Sea Shadow IX-529

A Dutchmen awaiting orders in a Franco-German harbor

The Dutchmen IX-530 is the surface-transiting stealth-capable military ship deployed by both the United States of America and the Franco-German Commonwealth. It was developed from the Sea Shadow, a prototype donated in 2010 by the US Navy, in exchange for the continued development of the craft and the exploration of its military potential.

Sea Shadow

Sea Shadow was built in 1985 and used in secret but normal service until her public debut in 1993, to examine the application of stealth technology on naval vessels. In addition, the ship was designed to test the use of automation to enable the reduction of crew size. The ship was created by the Defense Advanced Research Projects Agency (DARPA), the U.S. Navy and Lockheed. Sea Shadow was developed at Lockheed's Redwood City, California facility, inside the Hughes Mining Barge, which functioned as a floating drydock during construction and testing.[1] She is sometimes referred to as "USS Sea Shadow"; however, this designation is inappropriate as she was never a fully commissioned ship of the U.S. Navy.

Sea Shadow has a SWATH hull design. Below the water are submerged twin hulls, each with a propeller, aft stabilizer, and inboard hydrofoil. The portion of the ship above water is connected to the hulls via the two angled struts. The SWATH design helps the ship remain stable even in very rough water of up to sea state 6 (wave height of 18 feet (5.5 m) or "very rough" sea). The shape of the superstructure has sometimes been compared to the casemate of the ironclad ram CSS Virginia of the American Civil War.[1]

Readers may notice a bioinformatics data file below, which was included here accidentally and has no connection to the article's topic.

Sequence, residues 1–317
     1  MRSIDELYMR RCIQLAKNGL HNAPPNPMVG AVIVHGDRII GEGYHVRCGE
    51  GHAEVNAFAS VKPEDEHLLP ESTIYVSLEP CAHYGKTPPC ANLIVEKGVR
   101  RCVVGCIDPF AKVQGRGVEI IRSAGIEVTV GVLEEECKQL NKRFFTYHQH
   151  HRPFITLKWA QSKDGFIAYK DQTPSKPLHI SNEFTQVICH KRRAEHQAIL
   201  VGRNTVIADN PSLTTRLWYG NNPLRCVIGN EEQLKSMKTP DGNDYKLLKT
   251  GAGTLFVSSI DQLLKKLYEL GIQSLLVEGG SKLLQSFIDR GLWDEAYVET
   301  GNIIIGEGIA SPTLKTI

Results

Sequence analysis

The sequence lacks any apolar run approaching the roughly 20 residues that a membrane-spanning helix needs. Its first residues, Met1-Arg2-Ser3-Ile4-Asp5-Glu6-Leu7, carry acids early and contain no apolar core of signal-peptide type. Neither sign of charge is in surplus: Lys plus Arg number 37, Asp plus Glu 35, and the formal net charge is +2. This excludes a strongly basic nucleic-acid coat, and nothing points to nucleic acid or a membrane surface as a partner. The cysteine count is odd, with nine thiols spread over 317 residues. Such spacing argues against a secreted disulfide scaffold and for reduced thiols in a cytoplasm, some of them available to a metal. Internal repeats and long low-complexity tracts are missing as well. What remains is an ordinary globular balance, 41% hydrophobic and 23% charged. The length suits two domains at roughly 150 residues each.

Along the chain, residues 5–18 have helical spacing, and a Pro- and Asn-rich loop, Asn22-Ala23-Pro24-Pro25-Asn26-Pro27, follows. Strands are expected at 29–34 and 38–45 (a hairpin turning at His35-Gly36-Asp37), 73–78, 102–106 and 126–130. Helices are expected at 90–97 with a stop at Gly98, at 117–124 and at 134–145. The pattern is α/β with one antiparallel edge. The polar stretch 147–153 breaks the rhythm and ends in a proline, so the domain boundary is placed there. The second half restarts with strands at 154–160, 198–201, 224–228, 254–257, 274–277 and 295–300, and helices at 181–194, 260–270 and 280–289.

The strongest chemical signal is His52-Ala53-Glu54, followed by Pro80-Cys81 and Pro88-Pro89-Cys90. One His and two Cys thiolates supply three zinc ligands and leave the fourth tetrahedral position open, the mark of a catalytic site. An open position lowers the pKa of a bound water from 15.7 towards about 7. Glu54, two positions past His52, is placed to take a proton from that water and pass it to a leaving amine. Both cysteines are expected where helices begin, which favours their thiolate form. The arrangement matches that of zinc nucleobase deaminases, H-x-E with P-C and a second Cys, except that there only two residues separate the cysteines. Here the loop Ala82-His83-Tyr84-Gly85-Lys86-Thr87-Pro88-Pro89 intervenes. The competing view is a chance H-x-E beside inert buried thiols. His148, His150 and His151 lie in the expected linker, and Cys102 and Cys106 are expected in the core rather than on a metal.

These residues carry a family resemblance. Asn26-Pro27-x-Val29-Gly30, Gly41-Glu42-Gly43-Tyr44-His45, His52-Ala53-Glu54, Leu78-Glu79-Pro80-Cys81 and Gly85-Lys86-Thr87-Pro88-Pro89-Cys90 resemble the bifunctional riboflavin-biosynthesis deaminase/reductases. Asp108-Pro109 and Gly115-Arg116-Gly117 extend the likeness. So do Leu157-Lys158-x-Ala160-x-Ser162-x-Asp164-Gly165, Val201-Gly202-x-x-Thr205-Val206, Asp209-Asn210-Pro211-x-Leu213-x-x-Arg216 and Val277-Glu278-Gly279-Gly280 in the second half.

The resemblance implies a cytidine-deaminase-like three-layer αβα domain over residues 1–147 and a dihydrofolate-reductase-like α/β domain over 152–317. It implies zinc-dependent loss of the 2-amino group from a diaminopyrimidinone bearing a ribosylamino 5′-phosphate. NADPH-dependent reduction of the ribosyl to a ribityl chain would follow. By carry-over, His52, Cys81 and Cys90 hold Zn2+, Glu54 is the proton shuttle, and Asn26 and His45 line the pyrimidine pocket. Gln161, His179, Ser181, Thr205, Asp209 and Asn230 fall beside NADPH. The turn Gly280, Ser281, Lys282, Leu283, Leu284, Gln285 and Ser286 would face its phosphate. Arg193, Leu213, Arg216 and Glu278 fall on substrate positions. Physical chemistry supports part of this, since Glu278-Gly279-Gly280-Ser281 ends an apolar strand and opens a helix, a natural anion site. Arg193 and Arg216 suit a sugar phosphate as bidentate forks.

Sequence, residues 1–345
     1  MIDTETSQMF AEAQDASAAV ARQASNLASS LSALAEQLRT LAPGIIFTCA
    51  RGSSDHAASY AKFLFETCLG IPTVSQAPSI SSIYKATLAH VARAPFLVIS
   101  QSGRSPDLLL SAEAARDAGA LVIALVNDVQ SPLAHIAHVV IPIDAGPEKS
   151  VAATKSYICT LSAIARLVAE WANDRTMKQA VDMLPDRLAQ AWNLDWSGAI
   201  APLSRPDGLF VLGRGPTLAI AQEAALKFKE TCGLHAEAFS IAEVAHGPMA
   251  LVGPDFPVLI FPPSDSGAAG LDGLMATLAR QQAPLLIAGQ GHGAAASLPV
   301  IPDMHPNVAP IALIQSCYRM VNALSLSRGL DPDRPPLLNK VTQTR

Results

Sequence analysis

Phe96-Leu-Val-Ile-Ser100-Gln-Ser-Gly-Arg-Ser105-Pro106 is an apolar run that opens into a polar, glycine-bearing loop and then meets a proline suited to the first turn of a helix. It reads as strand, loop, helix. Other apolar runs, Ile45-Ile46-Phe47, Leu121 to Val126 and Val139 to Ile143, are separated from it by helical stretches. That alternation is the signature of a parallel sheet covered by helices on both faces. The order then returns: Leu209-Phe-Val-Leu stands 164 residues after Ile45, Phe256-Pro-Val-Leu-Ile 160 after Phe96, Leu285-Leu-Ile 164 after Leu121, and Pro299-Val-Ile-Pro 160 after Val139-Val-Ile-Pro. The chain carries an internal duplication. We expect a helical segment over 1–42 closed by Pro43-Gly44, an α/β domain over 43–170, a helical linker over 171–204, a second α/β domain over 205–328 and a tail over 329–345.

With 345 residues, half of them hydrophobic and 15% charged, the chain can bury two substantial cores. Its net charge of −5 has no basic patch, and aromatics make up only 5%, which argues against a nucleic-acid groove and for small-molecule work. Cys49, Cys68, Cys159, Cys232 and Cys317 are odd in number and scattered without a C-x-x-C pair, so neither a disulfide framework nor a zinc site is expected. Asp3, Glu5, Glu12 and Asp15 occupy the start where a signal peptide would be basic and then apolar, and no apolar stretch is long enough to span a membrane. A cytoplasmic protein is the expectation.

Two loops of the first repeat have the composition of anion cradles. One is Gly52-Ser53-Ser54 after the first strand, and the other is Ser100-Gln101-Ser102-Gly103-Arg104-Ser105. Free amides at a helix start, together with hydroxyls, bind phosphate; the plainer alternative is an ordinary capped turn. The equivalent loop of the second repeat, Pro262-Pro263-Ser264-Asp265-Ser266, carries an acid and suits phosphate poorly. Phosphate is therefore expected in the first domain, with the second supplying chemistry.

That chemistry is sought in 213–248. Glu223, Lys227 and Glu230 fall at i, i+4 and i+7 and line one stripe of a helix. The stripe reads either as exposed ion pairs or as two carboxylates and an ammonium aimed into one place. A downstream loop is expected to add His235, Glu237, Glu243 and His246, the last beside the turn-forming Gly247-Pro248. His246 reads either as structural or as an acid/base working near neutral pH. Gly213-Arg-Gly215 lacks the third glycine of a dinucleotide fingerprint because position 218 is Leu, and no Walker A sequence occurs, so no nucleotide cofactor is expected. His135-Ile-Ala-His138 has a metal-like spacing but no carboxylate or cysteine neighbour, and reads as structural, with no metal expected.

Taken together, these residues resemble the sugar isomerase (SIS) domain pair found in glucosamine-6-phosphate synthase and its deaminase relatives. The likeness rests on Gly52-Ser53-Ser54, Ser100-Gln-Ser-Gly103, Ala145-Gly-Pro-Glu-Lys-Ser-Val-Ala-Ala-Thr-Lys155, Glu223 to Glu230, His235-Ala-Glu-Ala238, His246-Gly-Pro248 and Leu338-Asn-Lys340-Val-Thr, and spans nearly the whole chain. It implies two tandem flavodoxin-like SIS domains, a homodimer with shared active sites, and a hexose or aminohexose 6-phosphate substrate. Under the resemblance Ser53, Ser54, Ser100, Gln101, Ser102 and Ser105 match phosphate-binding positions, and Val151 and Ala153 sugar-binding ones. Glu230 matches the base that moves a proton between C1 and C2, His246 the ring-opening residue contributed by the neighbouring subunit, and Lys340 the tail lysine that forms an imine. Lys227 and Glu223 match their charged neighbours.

The T-AGOS 19-and-23-class oceanographic ships have inherited the stabilizer and canard method to help perform their stability-sensitive surveillance missions.[1]

Sea Shadow has only 12 bunks aboard, one small microwave oven, a refrigerator and table. It was never intended to be mission capable and was never commissioned, although she is listed in the Naval Vessel Register.

Sea Shadow was revealed to the public in 1993, and was housed at the San Diego Naval Station until September 2006, when it was relocated with the HMB-1 to the Suisun Bay Reserve Fleet in Benicia, CA. The vessels are available for donation to a maritime museum.[1]

Sea Shadow was also the inspiration for the stealth ship in the James Bond film Tomorrow Never Dies (in reality a modified SeaCat catamaran channel ferry).


In late 2010, along with the Franco-German attainment of several scrapped US military programs, the US threw in the unused Sea Shadow, seeing no potential in the vehicle. Franco-German officials quickly saw its potential when OIS began military preparations for another war. The Dutchmen has proven very adaptable and useful, as shown in its first deployment in Burma, entering key waterways as the first wave of the invasion.


The ship has the role of providing a seaworthy shock-and-awe capability, along with quick response capability.

It can serve as a weapons platform, having attachment points for machine guns and rocket launchers. As well, it can serve as a command center for operations, as well as the control center for UAVs. It is a very versatile platform.

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